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Posts Tagged ‘vintage books’

People, have been after me for ages to post a few photos of my studio, and it seems as though it’s always that “next thing” on my long list of tasks. Well, guess what? Today, finally, is “next thing” day!

Behold! We step behind the Lego gates that border the grounds at Wind-up Dreams Studios!

Okay, so I don’t really have a gate made of multicolored Lego bricks, but the studio is tucked away behind a stucco and red-roofed wall in the converted guest house in my back yard. Here’s a nice view from the back courtyard.

Wind-up Dreams Studio — exterior view

The studio holds all my vintage vinyl LPs, along with a stockpile of essential equipment for creating my art: toy figures, alphabet blocks, old books, and kewpie dolls. Oh yeah, I also have a bunch of photography equipment such as tripods, flood lights, and a light tent where all of my creations are constructed, staged, and shot. The studio is the place for shooting my photos, with all post production work taking place on an iMac inside my office in the main house.

Entrance to the studio. No, really, I’m quite friendly.

Let’s go inside!

View from just inside the door. Messy!

And there you go. Nothing too fancy. Just a single small desk, a chair, and a whole lotta “stuff.” My main work area is inside the light tent you see on the right. That’s where I build the three dimensional scenes that are the basis for my photographs and videos. Beyond the light tent is “toy land” where my crazy array of toys and trinkets are stored. Actually, that’s not completely true… Many of my extra special figures are on permanent display inside the main house, with small collections of interesting figures occupying almost ever room. When called upon, those figures magically come to life and wander out to the studio while I am a sleep. One day, I’ll be stuck on a particular composition, and the next morning I’ll awake to find that a clay devil pounding on a drum has somehow made his way from the main house out to the studio to stand in exactly the perfect place to complete the photo. Amazing!!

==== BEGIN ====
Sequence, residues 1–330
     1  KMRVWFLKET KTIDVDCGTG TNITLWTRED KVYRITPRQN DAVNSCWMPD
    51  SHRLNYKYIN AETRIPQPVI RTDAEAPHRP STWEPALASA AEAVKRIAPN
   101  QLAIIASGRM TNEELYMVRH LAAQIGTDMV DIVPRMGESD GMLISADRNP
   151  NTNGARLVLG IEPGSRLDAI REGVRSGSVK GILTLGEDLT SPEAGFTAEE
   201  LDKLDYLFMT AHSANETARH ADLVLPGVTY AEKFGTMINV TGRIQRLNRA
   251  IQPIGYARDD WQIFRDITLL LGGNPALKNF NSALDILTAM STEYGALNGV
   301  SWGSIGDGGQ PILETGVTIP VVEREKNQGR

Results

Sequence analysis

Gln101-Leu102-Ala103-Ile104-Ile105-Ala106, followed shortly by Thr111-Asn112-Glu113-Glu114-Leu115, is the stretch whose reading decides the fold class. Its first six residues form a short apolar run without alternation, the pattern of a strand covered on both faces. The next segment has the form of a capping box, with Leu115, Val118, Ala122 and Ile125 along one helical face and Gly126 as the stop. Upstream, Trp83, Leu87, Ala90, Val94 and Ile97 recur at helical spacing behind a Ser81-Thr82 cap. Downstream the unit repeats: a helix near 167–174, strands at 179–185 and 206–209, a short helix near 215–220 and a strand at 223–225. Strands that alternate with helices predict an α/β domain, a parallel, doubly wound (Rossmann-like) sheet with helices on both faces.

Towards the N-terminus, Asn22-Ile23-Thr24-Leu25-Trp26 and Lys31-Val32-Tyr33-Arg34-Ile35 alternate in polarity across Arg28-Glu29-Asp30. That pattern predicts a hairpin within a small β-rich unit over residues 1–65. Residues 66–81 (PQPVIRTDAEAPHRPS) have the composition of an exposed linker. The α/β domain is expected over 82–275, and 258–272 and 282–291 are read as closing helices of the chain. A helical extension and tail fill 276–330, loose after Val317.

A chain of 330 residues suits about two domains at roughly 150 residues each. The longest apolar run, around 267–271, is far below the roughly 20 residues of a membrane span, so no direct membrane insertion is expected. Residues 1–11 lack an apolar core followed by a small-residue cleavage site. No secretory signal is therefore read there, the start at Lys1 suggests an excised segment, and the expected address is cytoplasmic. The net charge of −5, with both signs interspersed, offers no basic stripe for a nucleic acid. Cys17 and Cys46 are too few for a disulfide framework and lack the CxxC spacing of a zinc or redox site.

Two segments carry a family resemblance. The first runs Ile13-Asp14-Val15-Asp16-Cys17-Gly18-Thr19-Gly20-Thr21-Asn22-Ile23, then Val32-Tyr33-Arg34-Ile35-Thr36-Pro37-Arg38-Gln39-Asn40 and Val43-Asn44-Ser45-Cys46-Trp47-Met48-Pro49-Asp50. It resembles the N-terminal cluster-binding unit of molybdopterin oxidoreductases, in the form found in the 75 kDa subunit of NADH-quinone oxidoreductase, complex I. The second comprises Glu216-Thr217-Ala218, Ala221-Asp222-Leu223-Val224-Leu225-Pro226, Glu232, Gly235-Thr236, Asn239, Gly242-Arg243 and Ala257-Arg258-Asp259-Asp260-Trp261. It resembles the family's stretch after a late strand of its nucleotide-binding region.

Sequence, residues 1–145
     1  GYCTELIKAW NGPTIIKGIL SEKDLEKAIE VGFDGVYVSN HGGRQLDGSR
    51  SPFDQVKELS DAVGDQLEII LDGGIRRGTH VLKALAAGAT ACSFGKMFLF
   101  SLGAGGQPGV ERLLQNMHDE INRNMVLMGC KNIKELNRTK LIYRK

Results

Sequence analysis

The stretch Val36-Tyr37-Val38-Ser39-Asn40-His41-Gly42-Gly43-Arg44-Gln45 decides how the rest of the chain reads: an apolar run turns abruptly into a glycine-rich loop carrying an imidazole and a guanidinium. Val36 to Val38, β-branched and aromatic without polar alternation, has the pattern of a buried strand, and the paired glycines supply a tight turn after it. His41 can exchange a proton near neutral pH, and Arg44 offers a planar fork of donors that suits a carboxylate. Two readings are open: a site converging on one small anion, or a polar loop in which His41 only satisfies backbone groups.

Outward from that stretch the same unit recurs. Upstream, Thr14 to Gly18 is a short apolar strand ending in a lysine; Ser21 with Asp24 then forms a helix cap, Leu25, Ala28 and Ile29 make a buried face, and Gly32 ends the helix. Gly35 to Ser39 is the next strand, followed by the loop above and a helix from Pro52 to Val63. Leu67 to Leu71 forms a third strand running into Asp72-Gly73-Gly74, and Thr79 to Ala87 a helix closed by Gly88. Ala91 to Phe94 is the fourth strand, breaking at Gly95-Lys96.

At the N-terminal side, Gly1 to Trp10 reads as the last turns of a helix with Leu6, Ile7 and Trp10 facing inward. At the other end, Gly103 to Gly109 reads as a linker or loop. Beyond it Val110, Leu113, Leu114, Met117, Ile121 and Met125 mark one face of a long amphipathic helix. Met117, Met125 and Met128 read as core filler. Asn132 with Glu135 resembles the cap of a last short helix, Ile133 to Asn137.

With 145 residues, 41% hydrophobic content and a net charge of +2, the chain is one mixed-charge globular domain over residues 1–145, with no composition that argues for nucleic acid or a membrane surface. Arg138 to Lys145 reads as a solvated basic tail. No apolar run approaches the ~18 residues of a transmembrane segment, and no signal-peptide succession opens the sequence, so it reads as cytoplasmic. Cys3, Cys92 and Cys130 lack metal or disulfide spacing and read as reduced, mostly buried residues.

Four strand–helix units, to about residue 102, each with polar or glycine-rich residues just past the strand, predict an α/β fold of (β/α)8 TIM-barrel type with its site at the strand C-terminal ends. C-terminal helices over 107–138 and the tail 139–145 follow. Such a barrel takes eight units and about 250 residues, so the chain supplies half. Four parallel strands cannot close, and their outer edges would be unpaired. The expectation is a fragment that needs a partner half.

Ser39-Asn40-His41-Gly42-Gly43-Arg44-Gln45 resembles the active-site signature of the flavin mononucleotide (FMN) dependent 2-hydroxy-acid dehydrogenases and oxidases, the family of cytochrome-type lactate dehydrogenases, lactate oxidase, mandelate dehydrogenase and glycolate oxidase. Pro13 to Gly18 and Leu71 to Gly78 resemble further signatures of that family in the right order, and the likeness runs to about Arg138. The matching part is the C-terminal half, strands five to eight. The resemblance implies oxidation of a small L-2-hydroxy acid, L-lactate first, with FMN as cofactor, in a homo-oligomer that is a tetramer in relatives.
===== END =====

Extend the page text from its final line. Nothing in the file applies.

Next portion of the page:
Note!
Please shield your vision away from the lacy white curtains and the horrid floral print on the window valances. Those are left over from the previous owners who had papered the entire room in a similar pattern. And covered the bed with the same floral print. And shaded the lamp with, yes, flowers. And upholstered the white wicker furniture in the same wicked print. And laid white carpet. It was a 1970’s Holly Hobbie nightmare. I’ll change out the window treatments, I swear.

The back corner of the room is for lighting and tripods, records are on the left, and alphabet blocks are just inside the door and out of sight.

A, B, D, E, F, G, H, I, J, K…

The storage for my alphabet blocks doubles as a TV stand, which actually doesn’t do me a whole lot of good since cable doesn’t run out to the studio, and I’m only able to pickup a handful of digital broadcasts using rabbit ears—which is just as well, as I’d MUCH rather listen to music as I work. The little bookshelf speakers on top of the cabinet are hooked up to a wireless receiver so I can stream music from iTunes inside the main house out to the studio. Random shuffle is my best friend!